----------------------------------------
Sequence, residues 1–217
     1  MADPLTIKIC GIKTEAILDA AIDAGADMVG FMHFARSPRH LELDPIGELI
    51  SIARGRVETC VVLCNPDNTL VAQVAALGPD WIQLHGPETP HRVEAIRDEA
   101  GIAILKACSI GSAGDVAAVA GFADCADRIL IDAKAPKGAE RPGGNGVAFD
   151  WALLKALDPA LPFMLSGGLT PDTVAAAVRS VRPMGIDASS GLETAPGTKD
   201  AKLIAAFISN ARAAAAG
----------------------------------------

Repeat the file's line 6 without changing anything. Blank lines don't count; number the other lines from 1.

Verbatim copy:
   201  AKLIAAFISN ARAAAAG